Despite its outperformance, NUE still ranks among the cheap retirement stocks to buy for those thinking long term. For instance, President Joe Biden’s administration’s initiatives to boost American infrastructure across the board should generally benefit NUE.
Still, for full disclosure, analysts apparently believe most of the good news has been baked in. At time of writing, NUE features a consensus view of “hold.”
As well, according to Gurufocus, NUE rates as “fairly valued.” However, Nucor’s P/E ratio sits at 4.3 times. In contrast, the industry median pings at 7.7 times. Also, the company’s price-earnings-growth (PEG) ratio is 0.2 times, ranking below 77.5% of the competition. Adding in Nucor’s strengths in the balance sheet, NUE makes an interesting case for cheap retirement stocks to buy.
Cheap Retirement Stocks: Vishay Intertechnology (VSH)
A manufacturer of discrete semiconductors and passive electronic components, Vishay Intertechnology (NYSE:VSH) earlier suffered from headwinds that snarled other technology players such as the global supply chain disruption. However, circumstances turned positive recently for VSH. Since the January opener, VSH is down only 2.3%.
Fundamentally, Vishay – while perhaps not the most well-known enterprise – offers myriad relevancies. Per its public profile, the company produces selected integrated circuits, resistors, capacitors and inductors, among other components. Essentially, Vishay quietly undergirds the burgeoning innovation space, making it a smart idea among cheap retirement stocks.
And it certainly is cheap against the norms of the underlying industry. Currently, the market prices VSH at 8 times TTM earnings, below the industry median of 17.5 times. Also, Vishay’s forward P/E ratio is 7.2 times, well below the industry median of 18.2 times. Combined with solid metrics across other financial segments, VSH deserves consideration as one of the cheap retirement stocks to buy.
An American shipping and navigation services company headquartered in Honolulu, Hawaii, Matson (NYSE:MATX) understandably took some heat this year. Mainly, global recession fears pose great challenges in the broader business ecosystem. As well, consumer sentiment sits near all-time recorded lows, which isn’t great for shipping services. Since the beginning of the year, MATX has slipped by more than 31% of market value.
At the same time, near-term momentum builds in Matson shares. In the last five days, MATX gained nearly 3%. Further, hedge funds have slowly started to build their position in MATX since the first quarter of 2022. Over time, as the global economy normalizes, it’s possible that Matson could provide upside for contrarian investors. Also, while its forward yield of 2% isn’t anything to write home about, its payout ratio is very sustainable at 17.3%.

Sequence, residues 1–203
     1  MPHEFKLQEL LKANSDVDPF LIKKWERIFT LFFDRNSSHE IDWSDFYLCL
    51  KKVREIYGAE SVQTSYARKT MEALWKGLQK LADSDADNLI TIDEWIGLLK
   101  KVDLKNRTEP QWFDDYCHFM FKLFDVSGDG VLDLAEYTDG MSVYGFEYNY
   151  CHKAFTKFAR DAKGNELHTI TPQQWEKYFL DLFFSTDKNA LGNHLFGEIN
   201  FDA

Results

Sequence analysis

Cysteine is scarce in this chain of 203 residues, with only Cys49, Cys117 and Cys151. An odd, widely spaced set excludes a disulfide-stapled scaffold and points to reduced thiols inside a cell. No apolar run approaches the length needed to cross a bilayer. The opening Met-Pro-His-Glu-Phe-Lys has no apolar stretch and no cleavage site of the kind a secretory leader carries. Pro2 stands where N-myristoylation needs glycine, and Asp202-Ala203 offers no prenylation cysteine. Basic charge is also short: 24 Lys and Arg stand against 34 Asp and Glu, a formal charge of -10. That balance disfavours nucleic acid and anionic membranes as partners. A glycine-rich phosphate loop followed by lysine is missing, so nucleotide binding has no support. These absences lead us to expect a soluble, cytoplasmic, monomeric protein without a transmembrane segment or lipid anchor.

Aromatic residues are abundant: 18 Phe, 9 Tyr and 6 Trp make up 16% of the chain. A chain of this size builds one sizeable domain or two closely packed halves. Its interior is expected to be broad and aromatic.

Of course, with the theme being cheap retirement stocks to buy, we must talk about the wicked deal that you get with Matson. At the moment, the market prices MATX at 1.8 times TTM earnings, dramatically below the industry median of 12.6 times. Just as importantly, Matson commands a stable balance sheet and outstanding growth and profitability metrics.
Cheap Retirement Stocks: Williams-Sonoma (WSM)
As a consumer retail firm that sells kitchenware and home furnishings, Williams-Sonoma (NYSE:WSM) presents great risks. Just like I mentioned earlier, the consumer sentiment index slipped to near historic lows. Further, plenty of evidence indicates many consumers (though not all) tightened their wallets. With the inflation rate exceeding modern norms, few people are interested in unnecessary risks.
However, what might intrigue investors of cheap retirement stocks is that Williams-Sonoma doesn’t represent an ordinary retailer. Clearly, the company caters to the wealthy. Research into the topic indicates that the average shopper there carries a household income of $100,000, significantly higher than the U.S. median household income. With the company unlikely to pivot its business model, retirees may enjoy economic resilience because the customers are themselves resilient.
Also, in keeping with the theme of cheap retirement stocks to buy, that’s exactly what WSM is. Currently, the market prices WSM at 7 times forward earnings, compared to the industry median of 15.3 times. Bring in the excellent growth and profit margins (plus a stable balance sheet with an Altman Z-Score of 4.8) and you have objective numbers that are difficult to ignore.
On the date of publication, Josh Enomoto did not have (either directly or indirectly) any positions in the securities mentioned in this article. The opinions expressed in this article are those of the writer, subject to the InvestorPlace.com Publishing Guidelines.